Theatrical release poster
|Directed by||Bruce Beresford|
|Produced by||James G. Robinson|
|Written by||Akiva Goldsman|
|Music by||Stewart Copeland|
|Edited by||Ian Crafford|
|Distributed by||Warner Bros.|
Silent Fall is a 1994 American psychological thriller film directed by Bruce Beresford and starring Richard Dreyfuss, Linda Hamilton, John Lithgow, J. T. Walsh, and Liv Tyler in her debut role. The plot focuses on a boy with autism who is the only witness to the savage double murder of his parents.
Tim Warden, a boy with autism, has supposedly witnessed his parents' double murder. Jake Rainer, a former child psychiatrist turned therapist, is called on to probe the child's mind in order to solve the case.
The psychological drama is provided by the fact that not even Jake can entice Tim to communicate what he has or has not seen regarding the crime. Tim's sister, Sylvie, is protective of him. She eventually warms to Jake's efforts, but is concerned when she learns he was implicated in the suicide of another young child who was under his care.
Jake gradually befriends Tim. At first, Jake thinks that Tim is trying to communicate by cutting up playing cards, but Sylvie reveals that Tim is good at mimicking voices. Jake is able to trigger Tim's memory so that Tim mimics the voices he heard on the night of the murder by using the trigger phrase "God Damn," which were the first words Tim heard from the murder. He attempts to piece together the chronology of the murder, suspecting that Tim interrupted a fight between his parents and an intruder.
Sheriff Mitch Rivers threatens to use drugs to get Tim to talk about the murder and Dr. Rene Harlinger successfully hypnotizes Tim into breaking down a locked door. The police chief, seeing this as proof of Tim's strength, concludes that Tim was the murderer, after finding photographs showing that Tim's father was molesting him.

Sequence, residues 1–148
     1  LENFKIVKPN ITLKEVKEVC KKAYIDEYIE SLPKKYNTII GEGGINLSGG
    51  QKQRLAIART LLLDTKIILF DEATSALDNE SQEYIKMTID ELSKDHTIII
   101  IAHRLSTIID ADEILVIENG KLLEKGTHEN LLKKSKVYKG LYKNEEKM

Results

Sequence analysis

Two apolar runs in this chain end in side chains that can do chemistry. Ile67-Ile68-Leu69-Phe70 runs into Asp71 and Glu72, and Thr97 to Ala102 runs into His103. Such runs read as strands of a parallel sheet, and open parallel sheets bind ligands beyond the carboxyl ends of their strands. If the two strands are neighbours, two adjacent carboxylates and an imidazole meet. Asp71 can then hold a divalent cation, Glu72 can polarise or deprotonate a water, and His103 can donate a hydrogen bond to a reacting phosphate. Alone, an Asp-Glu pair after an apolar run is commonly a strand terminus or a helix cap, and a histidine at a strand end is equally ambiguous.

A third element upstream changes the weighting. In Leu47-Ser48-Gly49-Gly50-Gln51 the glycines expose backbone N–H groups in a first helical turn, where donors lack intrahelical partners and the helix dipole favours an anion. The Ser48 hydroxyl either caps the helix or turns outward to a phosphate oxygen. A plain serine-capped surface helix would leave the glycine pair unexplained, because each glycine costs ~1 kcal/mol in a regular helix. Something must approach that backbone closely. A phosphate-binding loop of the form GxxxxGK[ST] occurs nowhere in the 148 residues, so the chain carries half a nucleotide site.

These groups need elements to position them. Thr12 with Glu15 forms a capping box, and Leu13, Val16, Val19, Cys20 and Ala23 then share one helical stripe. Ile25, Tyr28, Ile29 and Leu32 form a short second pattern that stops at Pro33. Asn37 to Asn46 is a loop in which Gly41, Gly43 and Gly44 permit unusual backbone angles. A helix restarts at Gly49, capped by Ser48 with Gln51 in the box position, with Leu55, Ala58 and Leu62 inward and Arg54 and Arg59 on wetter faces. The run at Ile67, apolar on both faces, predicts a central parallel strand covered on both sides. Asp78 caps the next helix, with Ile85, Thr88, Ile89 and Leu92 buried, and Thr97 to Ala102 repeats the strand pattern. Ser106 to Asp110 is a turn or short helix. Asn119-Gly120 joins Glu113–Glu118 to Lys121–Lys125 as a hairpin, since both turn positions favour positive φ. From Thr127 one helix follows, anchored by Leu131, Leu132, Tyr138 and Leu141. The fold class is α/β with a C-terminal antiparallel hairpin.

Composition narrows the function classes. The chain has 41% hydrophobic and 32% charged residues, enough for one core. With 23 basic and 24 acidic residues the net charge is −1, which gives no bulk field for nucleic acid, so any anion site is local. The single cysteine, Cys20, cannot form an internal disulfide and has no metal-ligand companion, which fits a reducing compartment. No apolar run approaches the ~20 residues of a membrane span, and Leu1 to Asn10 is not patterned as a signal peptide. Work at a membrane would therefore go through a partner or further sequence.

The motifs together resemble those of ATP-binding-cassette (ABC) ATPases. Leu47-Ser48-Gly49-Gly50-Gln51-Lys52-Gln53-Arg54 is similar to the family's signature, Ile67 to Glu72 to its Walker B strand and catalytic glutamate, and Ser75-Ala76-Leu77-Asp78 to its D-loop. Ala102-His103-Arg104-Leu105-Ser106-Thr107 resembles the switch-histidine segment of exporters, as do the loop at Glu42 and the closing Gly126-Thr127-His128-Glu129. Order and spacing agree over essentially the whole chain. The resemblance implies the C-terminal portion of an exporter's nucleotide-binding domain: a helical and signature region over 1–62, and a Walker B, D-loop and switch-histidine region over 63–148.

That night, Sylvie plans to take Tim away and attempts to convince Jake to run away with them. She fails, and instead paralyzes Jake and throws him into an icy lake to drown him. Tim mimics the police chief's voice over the phone to lure Sylvie to the police station and pulls Jake out of the lake while she is away.
Sylvie returns and Jake reveals that he has solved the mystery by examining Tim's cut up playing cards. It was actually Sylvie who killed her parents because her father had raped her repeatedly and was trying to do the same to Tim, and her mother was aware of the abuse and stayed silent the entire time. Sylvie tries to kill Jake again, but is stopped by Tim who speaks with his own voice for the first time.
The film closes with Jake, his wife Karen, and Tim going out for trick-or-treating on Halloween. Tim has gradually improved and now can speak in his own voice as well as smile. Jake's conversation with his wife reveals that Sylvie will be moved to a hospital with minimum security in the near future.
- Richard Dreyfuss as Dr. Jake Rainer
- Linda Hamilton as Karen Elliott
- John Lithgow as Dr. Rene Harlinger
- J.T. Walsh as Sheriff Mitch Rivers
- Liv Tyler as Sylvie Warden
- Ben Faulkner as Tim Warden
- Zahn McClarnon as Deputy Bear
- Ron Tucker as Forensic Detective
- Catherine Shaffner as Martha
- Jane Beard as Carol Simmons
To prepare for his role, Ben Faulkner visited and observed children with autism at the Linwood Center in Ellicott City, Maryland. Faulkner claims he was unaware of what autism was prior to the making of the film.
Silent Fall received negative reviews from critics, as it holds a 24% rating on Rotten Tomatoes based on 17 reviews. Produced on a budget of $30 million, the film made less than $3.2 million domestically, making it a box office bomb. Critic Roger Ebert gave the film 1.5 stars out of 4, saying the film "has a torturously constructed plot, but the solution to the mystery has been right there all along."
Awards and nominations
- Chen, Howard Henry (26 October 1994). "Little Towson actor bears witness to the whims of fate". The Baltimore Sun. Retrieved 3 January 2018.
- Ebert, Roger (October 28, 1994). "Silent Fall Review & Film Summary". The Chicago Sun-Times. Retrieved December 10, 2016.
- "Berlinale: 1995 Programme". berlinale.de. Retrieved December 31, 2011.